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Horribly loud, unlike the former shout.
1512. —inhabitation] Oixoupcem. Jonson's three plays, p. 31. Richardson.
derives the word dole from the 1514. -at the utmost point.] Greek ato tou disaur, distribuere. Al ultimo segno. Richardson. By the way we may observe,
1529. —be dealing dole] Dis- that the Chorus here entertains tributing his gifts and portions the same pleasing hope of Samamong
his enemies, from a Saxon son's eye-sight being by miracle word, says Skinner, but Mr. Up- restored, which he had before ton in his remarks upon Ben tacitly reproved in Manoah, and
And over heaps of slaughter'd walk his way? 1530
1540 MESSENGER. O whither shall I run, or which way fly Manoah who had before encou- be: and so is the next but one, raged the same hope in himself, in that and all the editions ; now desponds and reckons it though it seems to belong rather presumptuous in another. Such to Manoah. The line between changes of our thoughts are na- them, which is wanting (as I just tural and common, especially in now observed) in the text of the any change of our situation and first edition, in the Errata and circumstances. Fear and hope in all the editions since is given usually succeed each other like to the Chorus, but the poet cerague and fever. And it was not tainly intended both them and a slight observation of mankind, Manoah a share in it. that could have enabled Milton to have understood and described
CHOR. A little stay will bring the human passions so exactly.
some notice hither
Of good or bad so great. Max. Of 1536. A little stay will bring bad the sooner; some notice hither.] The text of For evil news rides post, while good the first edition wants the nine news baits,
CHOR. And to our wish I see one lines preceding this, and the line
hither speeding, that follows it: but they are sup- An Hebrew, as I guess, and of our plied in the Errata. This line in tribe. that edition is in the part of the
Calton. Chorus, as I think it ought to
The sight of this so horrid spectacle,
1552. -and here before thee] 1556. And sense distract.] The Here again the old error was word is used likewise as an adcarefully preserved through all jective in Shakespeare. Julius the editions. In the first edition Cæsar, act iv. sc. 4. it was printed and heard before
With this she fell distract, thee; but we have corrected it,
And (her attendants absent) swal. as Milton himself corrected it in
low'd fire. the table of Errata.
1554. No preface needs,] No Twelfth-Night, act v. sc. 5. preface is wanting. Needs is a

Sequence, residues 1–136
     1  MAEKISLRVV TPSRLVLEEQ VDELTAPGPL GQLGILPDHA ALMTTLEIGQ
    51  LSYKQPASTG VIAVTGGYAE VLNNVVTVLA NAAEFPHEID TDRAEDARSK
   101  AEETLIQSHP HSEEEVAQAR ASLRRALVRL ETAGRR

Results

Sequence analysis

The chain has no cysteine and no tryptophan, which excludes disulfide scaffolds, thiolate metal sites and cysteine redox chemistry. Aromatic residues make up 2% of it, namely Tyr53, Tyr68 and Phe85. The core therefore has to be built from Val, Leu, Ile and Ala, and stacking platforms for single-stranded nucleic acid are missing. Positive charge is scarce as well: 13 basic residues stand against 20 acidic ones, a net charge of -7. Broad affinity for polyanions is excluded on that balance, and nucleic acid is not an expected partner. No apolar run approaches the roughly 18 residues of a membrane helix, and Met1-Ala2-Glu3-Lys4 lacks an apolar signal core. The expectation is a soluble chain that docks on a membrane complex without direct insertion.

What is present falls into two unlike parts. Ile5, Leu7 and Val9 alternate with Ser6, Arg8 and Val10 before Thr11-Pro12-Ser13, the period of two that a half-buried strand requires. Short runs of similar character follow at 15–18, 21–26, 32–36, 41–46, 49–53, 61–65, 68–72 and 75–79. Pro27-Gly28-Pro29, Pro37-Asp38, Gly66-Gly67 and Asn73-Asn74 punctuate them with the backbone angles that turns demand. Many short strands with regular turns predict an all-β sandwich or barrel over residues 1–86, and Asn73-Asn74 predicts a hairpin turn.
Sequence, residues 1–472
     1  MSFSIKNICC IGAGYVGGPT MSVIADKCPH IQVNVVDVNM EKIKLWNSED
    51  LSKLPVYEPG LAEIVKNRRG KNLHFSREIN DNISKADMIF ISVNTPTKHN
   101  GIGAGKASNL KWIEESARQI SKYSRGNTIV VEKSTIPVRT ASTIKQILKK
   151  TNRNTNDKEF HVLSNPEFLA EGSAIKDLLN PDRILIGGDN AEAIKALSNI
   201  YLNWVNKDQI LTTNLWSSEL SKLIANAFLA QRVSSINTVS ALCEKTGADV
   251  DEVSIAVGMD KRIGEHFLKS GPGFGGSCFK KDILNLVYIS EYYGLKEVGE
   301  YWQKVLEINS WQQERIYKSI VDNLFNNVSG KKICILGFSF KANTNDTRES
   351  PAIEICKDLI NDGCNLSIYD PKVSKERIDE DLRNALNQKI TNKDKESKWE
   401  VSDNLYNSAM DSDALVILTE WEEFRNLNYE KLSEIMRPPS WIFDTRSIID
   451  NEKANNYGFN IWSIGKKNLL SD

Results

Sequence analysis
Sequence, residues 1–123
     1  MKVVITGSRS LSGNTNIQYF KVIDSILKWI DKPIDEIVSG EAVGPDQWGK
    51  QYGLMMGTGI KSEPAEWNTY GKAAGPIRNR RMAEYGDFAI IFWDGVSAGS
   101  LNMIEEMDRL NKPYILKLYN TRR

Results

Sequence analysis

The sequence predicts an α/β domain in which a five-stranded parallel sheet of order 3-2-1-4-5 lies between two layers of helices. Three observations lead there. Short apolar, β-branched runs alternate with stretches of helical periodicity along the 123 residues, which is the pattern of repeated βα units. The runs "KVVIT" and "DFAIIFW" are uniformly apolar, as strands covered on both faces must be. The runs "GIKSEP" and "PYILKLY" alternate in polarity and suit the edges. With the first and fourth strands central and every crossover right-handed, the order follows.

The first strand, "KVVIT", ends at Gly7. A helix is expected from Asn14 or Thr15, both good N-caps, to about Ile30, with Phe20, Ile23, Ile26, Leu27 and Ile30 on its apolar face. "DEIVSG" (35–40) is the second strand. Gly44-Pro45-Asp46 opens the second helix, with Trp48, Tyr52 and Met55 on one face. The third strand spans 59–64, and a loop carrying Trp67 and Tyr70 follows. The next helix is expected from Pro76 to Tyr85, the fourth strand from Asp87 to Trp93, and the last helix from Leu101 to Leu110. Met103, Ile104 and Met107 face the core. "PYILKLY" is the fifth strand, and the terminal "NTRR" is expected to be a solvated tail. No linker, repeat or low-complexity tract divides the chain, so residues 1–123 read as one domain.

They say, poor gentleman! he's verb neuter here as in Paradise
much distract. Lost X, 80. where see the note.
That still lessens
1576. Abortive as the first-born justness and propriety. One canbloom of spring &c.] As Mr. not possibly imagine a more Thyer says, this similitude is to
exact and perfect image of the be admired for its remarkable dawning hope which Manoah
Nipt with the lagging rear of winter's frost!
Self-violence? what cause Brought him so soon at variance with himself Among his foes?
had conceived from the favour- And when he thinks, good easy man, able answer he had met with
full surely from some of the Philistian lords,
His greatness is a ripening, nips his
root ; and of its being so suddenly ex
And then he falls, as I do, tinguished by this return of ill fortune, than that of the early Upon which Mr. Warburton rebloom, which the warmth of a
marks, that as spring-frosts are few fine days frequently pushes not injurious to the roots of fruitforward in the spring, and then trees, he should imagine the poet it is cut off by an unexpected wrote shoot, that is, the tender
shoot on which are the young return of winterly weather. As Mr. Warburton observes, this leaves and blossoms. The combeautiful passage seems to be parison, as well as expression of taken from Shakespeare, Henry nips, is juster too in this reading. VIII. act iii. sc. 6.
Shakespeare has the same thought
in Love's Labour Lost. This is the state of man; to-day he
Byron is like an envious sneaping The tender leaves of hopes, to mor
frost row blossoms,
That bites the first-born infants of And bears his blushing honours thick the spring.
upon him ; The third day comes a frost, a killing
See Warburton's Shakespeare, frost ;
vol. v. p. 413.